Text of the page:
Charlottesville’s recently appointed Blue Ribbon Commission on Race, Memorials and Public Places (BRC) appears to be a politically stacked deck.
Sparked by Vice Mayor Wes Bellamy’s public call to remove the Robert E. Lee statue from Lee Park, and unanimously convened by resolution of the Charlottesville City Council on May 6, the BRC was given the following charge:
Providing options to Council for specific ways in which our public spaces are used, or could be used, to address race, including, but not limited to:
- Relocating, or adding context to, existing Confederate statues;
- Augmenting the slave auction block at Court Square;
- Completing the Daughters of Zion cemetery;
- Providing a further narrative for the Vinegar Hill community in conjunction with the ongoing work of the African American Heritage Center;
- Highlighting and linking existing historic places, such as the Tonsler House and the Drewary Brown Memorial Bridge;
- Commissioning a new memorial or memorials to an African-American leader;
- Identifying naming opportunities;
- Identifying additional opportunities within the City to enhance a holistic reflection
While the council received 74 applications (download links below) representing a panoply of views, backgrounds, and expertise, no member of the BRC openly supports retaining the Robert E. Lee statue.
Citing the statue’s symbolism of white supremacy and racism, BRC appointee, John Edwin Mason, an associate history professor at the University of Virginia, has publicly stated his desire to have the Lee statue removed from Lee Park. From the March 23, 2016 Cavalier Daily:
“The statue should be removed because it’s a symbol of racism, intolerance and white supremacy,” Mason said. “Robert E. Lee, as we know, commanded the Confederate armies in a war that the essential purpose of which was to preserve slavery and to preserve white supremacy.”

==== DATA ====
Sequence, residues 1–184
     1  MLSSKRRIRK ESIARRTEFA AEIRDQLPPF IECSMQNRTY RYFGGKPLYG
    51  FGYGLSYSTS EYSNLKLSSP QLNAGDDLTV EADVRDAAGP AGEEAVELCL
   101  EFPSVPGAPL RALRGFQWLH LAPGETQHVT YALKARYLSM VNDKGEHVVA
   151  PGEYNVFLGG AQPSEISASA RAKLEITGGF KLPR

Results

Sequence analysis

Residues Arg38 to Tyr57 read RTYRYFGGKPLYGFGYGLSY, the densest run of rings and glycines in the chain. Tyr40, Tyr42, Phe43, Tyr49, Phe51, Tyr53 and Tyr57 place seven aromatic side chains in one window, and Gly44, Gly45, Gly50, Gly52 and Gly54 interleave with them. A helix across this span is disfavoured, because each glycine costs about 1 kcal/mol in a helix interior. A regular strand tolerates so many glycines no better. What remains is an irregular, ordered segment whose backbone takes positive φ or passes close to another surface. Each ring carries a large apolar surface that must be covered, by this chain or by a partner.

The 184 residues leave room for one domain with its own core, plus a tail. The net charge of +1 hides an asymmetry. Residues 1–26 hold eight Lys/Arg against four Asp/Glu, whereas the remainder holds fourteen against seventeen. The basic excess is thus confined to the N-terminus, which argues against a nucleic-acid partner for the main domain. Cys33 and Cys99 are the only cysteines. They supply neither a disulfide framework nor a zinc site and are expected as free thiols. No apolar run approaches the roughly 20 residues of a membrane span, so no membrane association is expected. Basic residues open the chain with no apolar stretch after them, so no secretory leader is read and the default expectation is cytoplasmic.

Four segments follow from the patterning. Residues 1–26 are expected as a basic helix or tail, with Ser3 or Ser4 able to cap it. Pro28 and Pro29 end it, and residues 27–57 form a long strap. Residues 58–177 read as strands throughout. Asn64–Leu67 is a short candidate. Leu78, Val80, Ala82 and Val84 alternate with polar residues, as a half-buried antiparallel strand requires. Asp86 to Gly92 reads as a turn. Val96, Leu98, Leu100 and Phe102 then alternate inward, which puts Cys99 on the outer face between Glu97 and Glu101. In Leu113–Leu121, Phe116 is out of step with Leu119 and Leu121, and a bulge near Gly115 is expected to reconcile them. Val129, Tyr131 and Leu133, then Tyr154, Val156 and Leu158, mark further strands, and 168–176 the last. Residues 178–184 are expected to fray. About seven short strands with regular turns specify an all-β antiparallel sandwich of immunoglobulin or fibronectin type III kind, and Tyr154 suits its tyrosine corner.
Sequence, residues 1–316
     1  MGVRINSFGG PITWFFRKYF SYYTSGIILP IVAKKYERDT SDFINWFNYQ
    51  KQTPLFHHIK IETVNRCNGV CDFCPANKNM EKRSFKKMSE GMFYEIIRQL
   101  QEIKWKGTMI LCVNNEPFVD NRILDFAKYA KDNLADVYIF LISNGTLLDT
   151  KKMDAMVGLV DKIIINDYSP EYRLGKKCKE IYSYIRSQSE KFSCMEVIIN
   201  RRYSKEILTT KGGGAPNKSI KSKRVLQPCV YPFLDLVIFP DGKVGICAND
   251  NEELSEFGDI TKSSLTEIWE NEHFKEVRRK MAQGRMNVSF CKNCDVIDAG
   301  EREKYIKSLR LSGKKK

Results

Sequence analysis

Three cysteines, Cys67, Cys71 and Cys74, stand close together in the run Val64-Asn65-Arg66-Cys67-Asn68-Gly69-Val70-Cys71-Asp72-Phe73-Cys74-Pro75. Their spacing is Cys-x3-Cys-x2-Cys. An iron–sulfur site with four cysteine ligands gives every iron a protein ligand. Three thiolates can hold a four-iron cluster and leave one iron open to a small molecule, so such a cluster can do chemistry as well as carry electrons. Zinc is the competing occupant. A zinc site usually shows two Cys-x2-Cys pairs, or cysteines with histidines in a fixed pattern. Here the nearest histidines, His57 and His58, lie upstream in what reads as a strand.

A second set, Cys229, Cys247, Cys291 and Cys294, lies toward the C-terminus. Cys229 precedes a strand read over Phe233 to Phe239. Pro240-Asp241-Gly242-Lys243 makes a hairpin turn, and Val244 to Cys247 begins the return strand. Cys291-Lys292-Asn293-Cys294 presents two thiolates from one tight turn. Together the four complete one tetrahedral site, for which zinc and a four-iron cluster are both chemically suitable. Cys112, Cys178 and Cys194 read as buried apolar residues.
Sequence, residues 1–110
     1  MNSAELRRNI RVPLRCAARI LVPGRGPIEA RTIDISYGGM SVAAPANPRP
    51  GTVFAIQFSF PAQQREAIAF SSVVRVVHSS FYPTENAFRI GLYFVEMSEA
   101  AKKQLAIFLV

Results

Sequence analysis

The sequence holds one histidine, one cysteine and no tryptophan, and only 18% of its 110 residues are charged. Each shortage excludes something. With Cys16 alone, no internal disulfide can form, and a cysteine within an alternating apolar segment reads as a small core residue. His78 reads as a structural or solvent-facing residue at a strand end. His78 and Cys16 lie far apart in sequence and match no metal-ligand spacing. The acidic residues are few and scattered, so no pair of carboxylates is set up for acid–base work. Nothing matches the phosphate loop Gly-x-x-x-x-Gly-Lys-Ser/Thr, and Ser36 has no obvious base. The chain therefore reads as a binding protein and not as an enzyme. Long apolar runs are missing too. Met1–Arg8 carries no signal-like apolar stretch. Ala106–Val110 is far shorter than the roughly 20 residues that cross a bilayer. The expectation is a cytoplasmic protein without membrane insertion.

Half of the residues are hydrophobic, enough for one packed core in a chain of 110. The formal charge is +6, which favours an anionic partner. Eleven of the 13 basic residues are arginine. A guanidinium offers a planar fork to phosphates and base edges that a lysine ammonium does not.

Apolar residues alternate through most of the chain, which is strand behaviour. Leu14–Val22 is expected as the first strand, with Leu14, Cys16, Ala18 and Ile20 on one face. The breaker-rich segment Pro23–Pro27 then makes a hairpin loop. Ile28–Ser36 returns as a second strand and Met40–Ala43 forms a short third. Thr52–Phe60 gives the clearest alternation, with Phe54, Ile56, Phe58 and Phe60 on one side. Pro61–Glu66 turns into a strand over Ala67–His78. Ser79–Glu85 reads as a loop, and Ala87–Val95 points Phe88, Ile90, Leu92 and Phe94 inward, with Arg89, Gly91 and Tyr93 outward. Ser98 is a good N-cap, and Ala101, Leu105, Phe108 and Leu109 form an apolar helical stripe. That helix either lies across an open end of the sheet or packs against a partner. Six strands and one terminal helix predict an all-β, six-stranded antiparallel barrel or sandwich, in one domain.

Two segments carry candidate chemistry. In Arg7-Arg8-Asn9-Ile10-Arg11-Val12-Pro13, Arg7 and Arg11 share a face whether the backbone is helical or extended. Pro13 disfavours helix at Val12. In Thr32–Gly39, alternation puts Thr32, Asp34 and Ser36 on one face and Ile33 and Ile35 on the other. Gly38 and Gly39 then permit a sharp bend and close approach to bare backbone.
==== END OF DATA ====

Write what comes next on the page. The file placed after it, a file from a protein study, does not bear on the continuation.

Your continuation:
Mason said the relationship between the statue — which has an unobstructed view on its four sides and sits in the middle of the park — and the viewer makes the viewer feel “small and insignificant.”
“That’s never going away,” Mason said. “So if we want a city that does not celebrate racism, does not celebrate the cause of the Confederacy, then we’re going to have to remove it.”
Although City Council’s resolution specifies “open-mindedness” as a qualifying criterion for BRC membership, apparently, an exception was made for Mr. Mason.
Notably absent from the Blue Ribbon Commission on Race, Memorials and Public Places, but present in the applicant pool are:
- A Civil War historian
- A native of Charlottesville
- A racial balance reflecting the city’s population (considered an important factor in many other areas such as teaching, policing, city council makeup, etc.)
Ironically, Blake Caravati and Frank Buck, both white, Democrat, former mayors of Charlottesville—and both of whom had stacked their own decks while in city hall—applied for the BRC but were not selected.
Given the BRC’s nine-member configuration, Mason’s predetermined vote represents 20% of what’s necessary to recommend removal of the statue. Considering the professional and political affiliations of several other commissioners (i.e. NAACP, African America Heritage Center, Charlottesville Human Rights Commission), the cards dealt indicate a tough road ahead for Robert E. Lee—not to mention Stonewall Jackson, Thomas Jefferson—and even Monticello.
Download and read the full slate of Blue Ribbon Commission applications below:
- Blue Ribbon Commission on Race, Memorials and Public Places applications 1/7
- Blue Ribbon Commission on Race, Memorials and Public Places applications 2/7
- Blue Ribbon Commission on Race, Memorials and Public Places applications 3/7
- Blue Ribbon Commission on Race, Memorials and Public Places applications 4/7
- Blue Ribbon Commission on Race, Memorials and Public Places applications 5/7
- Blue Ribbon Commission on Race, Memorials and Public Places applications 6/7
- Blue Ribbon Commission on Race, Memorials and Public Places applications 7/7